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Hope Revived: Finding a Way Back to the Classroom

June 05, 2007

I find it ironic that my classroom windows overlook the Littleton Cemetery. Strangely enough, in a rare childless moment, I found myself meandering among those very headstones just three months ago. As I wandered aimlessly, I looked down the grassy burial grounds across the train tracks towards Arapahoe Community College disheartened and unsure if my dream to go back to school would actually materialize.

But here I am, nearly halfway through the semester, realizing that if it wasn’t for the help of a friend, attending an on-campus class this semester wouldn’t have happened at all. Initially resigned to the fact that online classes were the only viable option for me, I registered for two online classes. But while I was waiting for classes to start, I learned about several on-campus classes I wanted to take instead. As a full-time mom, the most heart wrenching decision I faced was whether to put my preschooler and infant in the care of someone else for a few hours a week. I began my search optimistically calling up friends and plowing through the phone book, but it didn’t take me long to realize how difficult it was to find reasonably priced, flexible, part-time childcare. After a valiant effort, I admitted defeat and disappointed, went back to Plan A.

Then, less than a month before classes began, I got an e-mail from one of the English professors at the college announcing that a “publishing your writing” class would be offered during the fall semester. My interest was immediately piqued. Even though it was not a general education class, the writer in me could not resist. I didn’t know how the professor would respond, but I e-mailed her a note expressing my interest in the class and explaining my situation. I was pleasantly surprised to find out that my professor had two young boys herself and was willing to work with me. She encouraged me to enroll in the class and promised me the flexibility to do some of the course work at home if needed.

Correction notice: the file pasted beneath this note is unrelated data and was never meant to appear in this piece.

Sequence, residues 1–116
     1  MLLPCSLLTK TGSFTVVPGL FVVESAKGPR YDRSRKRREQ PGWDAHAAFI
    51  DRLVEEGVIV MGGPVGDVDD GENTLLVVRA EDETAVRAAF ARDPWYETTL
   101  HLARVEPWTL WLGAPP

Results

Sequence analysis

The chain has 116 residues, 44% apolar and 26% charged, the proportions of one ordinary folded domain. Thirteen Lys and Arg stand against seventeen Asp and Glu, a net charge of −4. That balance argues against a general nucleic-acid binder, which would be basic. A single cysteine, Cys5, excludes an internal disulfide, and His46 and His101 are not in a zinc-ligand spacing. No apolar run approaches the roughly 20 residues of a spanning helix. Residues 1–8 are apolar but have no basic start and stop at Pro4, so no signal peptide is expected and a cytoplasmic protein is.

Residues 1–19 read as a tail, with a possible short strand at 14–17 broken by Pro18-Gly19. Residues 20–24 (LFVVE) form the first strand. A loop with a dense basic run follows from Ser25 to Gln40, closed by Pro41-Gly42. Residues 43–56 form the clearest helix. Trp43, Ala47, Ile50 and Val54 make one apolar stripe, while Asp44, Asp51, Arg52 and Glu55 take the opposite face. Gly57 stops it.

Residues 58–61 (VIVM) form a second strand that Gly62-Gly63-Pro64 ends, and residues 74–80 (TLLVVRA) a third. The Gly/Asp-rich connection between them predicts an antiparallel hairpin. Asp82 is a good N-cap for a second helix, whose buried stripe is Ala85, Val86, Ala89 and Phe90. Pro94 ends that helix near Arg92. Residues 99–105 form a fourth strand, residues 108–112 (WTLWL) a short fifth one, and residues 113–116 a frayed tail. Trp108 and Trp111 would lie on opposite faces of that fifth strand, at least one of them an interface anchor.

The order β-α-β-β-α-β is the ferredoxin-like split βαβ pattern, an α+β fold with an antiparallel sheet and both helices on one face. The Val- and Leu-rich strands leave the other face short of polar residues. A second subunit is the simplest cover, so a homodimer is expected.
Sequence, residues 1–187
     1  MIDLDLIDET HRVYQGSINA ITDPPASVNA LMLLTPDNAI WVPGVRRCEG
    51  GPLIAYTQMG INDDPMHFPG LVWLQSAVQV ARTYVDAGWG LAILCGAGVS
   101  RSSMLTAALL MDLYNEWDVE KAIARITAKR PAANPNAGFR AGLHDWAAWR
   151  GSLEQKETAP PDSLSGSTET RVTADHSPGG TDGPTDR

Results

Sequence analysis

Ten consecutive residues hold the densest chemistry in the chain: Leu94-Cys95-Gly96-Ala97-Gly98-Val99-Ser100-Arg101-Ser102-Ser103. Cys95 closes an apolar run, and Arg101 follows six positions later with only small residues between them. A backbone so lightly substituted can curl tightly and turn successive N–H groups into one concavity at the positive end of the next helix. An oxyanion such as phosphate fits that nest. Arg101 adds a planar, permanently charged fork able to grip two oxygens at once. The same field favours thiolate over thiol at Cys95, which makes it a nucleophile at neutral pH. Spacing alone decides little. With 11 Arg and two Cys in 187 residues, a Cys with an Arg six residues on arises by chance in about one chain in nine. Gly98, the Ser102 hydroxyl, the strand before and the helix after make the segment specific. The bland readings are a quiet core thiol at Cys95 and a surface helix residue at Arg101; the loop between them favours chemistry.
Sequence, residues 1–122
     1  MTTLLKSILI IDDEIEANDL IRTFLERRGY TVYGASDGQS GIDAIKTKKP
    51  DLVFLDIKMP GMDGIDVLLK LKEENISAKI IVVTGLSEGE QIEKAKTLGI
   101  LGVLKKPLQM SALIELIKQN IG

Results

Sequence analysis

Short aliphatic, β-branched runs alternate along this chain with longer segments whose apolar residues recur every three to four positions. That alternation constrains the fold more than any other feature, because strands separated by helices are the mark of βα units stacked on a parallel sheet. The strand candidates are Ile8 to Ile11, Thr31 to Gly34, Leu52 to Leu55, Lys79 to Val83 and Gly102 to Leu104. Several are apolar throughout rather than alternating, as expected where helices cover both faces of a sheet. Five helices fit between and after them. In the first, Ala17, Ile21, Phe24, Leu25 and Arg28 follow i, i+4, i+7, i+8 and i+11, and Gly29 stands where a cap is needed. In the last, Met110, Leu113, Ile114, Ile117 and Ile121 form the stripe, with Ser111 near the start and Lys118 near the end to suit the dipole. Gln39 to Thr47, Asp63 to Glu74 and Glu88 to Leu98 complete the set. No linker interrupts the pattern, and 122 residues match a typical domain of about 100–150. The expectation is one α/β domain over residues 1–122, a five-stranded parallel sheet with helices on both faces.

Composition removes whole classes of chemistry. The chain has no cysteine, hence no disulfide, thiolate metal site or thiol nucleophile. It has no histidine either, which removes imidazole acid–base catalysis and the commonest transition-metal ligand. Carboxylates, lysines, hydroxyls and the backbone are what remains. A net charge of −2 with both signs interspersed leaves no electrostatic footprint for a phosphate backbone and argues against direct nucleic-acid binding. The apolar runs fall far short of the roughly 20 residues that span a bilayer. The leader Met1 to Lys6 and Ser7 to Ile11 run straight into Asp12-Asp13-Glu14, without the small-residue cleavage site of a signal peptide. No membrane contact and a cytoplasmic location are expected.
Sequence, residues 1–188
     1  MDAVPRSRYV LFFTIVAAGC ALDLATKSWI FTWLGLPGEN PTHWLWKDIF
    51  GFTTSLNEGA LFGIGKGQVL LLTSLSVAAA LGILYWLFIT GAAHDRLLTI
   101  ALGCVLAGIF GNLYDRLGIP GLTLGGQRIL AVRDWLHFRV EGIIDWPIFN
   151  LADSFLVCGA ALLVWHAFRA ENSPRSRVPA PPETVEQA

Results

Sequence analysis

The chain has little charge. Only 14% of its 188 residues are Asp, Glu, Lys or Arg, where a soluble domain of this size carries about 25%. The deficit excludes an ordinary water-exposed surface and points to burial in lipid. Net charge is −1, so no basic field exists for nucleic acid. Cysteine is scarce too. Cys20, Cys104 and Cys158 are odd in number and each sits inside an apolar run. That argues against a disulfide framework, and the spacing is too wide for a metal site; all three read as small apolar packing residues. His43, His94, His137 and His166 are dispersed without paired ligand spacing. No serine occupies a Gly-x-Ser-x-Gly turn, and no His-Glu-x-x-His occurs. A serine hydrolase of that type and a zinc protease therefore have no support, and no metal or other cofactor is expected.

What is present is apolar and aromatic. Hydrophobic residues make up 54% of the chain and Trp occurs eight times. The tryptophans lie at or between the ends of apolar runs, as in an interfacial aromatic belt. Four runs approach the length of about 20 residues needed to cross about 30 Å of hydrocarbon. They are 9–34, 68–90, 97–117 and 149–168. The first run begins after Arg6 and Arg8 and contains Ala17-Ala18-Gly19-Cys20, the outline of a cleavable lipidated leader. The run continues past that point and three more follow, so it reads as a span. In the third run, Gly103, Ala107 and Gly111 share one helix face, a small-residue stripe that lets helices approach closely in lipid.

So once again, I was back to square one with childcare arrangements. Even though I had already approached a friend of mine who lived down the street about exchanging childcare, I took a chance and asked her one more time if we might be able to work out a reciprocal arrangement. Fortunately, my offer was just what she needed in order to be able to work part time herself. This arrangement has been the best possible setup I could have envisioned for me and my boys. They get a scheduled play date twice a week with friends and I have the luxury of four hours of intellectual stimulation on campus where I can feel like a genuine student.

Now as I sit in my classroom looking through the windows back towards the cemetery, I’m grateful to be here. Although it took ingenuity, determination, and creative scheduling, I’m glad for tenacious hope and the compelling optimism of a budding dream.


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